News

Tuesday, 2nd April 2013

UDN is a disease mainly affecting wild salmon, sea trout and brown trout. It usually occurs in adult fish returning from the sea and starts as small lesions on the scale-less regions of the fish, mainly the snout, above the eye and on/ above the gill cover. On entry to fresh water lesions ulcerate and may become infected. For further information please click the following link: 

UDN – Ulcerative Dermal Necrosis

UDN occurs in cold water temperatures only and disappears over the summer. The last major outbreak was in the late 1960’s/early 1970’s and caused huge losses in the wild salmon population.

If any members recognize the early signs of the disease, photographs can be sent to Sandra Schlittenhardt at  sandra.schlittenhardt@stir.ac.uk to assist with an ongoing Phd at Stirling University. 

Any members wishing to help sample fish can also get in touch for instruction on how to do so.

 

 

Tuesday, 2nd April 2013

The Wild Trout Trust and SITA Trust issued this joint press release today: 

Funding boost to improve wildlife habitat on the River Great Stour at Godinton, Kent.

A group of conservationists from the Stour Valley in Kent are today celebrating the news that it has received a £24,806 funding boost from SITA Trust to carry out improvements to the wildlife habitat of the River Great Stour at Godinton Park.

Stour at Godinton

The river is currently a dredged and heavily modified channel with poor quality habitat for wildlife. 

The project will re-create a more varied river channel which will support a healthy environment for fish, insects, plants and birds as well as providing greater resilience to periods of flood and drought. The grant will fund the materials and machinery for the project, allowing the Wild Trout Trust staff and volunteers to carry out the work.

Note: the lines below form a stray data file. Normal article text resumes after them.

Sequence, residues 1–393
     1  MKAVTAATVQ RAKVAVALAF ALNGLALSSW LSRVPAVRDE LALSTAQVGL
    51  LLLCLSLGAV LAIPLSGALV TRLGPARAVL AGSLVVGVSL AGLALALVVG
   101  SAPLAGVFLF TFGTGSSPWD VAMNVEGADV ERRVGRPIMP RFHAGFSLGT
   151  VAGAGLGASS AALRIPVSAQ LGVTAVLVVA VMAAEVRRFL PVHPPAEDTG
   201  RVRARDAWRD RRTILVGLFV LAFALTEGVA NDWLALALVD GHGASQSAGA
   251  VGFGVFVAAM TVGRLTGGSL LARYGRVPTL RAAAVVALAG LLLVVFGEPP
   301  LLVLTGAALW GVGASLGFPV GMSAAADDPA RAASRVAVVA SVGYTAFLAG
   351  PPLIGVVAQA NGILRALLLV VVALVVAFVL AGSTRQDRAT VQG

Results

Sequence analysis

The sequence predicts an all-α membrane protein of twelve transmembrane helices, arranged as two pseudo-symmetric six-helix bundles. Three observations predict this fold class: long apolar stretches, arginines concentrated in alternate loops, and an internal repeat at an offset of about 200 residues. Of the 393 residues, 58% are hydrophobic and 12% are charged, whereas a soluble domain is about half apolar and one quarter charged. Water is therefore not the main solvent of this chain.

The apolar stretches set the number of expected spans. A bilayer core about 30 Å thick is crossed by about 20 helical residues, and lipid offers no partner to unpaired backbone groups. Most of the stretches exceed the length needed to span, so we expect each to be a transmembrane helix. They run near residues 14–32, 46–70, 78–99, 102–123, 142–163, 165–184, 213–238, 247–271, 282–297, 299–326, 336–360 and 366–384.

This project is a partnership between the Wild Trout Trust, Godinton House Preservation Trust, the Upper Stour Restoration Group, the Kent Countryside Partnership, the Environment Agency and SITA Trust.

Paul Bates, project coordinator for the Upper Stour Restoration Volunteers, said:

 ‘Important conservation work at the local community level is not possible without external financial backing, specialist expertise from charities such as the Wild Trout Trust and the commitment of local volunteers & supporters. All these elements are essential to get a project started & successfully completed. We are therefore extremely appreciative of the very generous funding provided by the SITA Trust’.

Marek Gordon CEO and Chairman of SITA Trust added “We are delighted to have been able to support this project through the Landfill Communities Fund. This important source of funding has been available since 1997 and has provided such worthy projects with more than £1.2 billion.”

SITA Trust provides funding through the Landfill Communities Fund. Funding is available for available that enhance communities and enrich nature

For information on how to apply for funding from SITA Trust call (01454) 262910 or visit www.sitatrust.org.uk

SITA Trust

SITA Trust is an independent funding body set up in 1997 to provide funding through the Landfill Communities Fund. To date SITA Trust has supported more than 3,300 projects to a combined value of over £93 million.

Enhancing Communities - SITA Trust funding enhances communities in England, Scotland and Wales by supporting community driven projects to improve vital public recreation facilities such as village halls, community centres, sport, heritage, green spaces and play areas.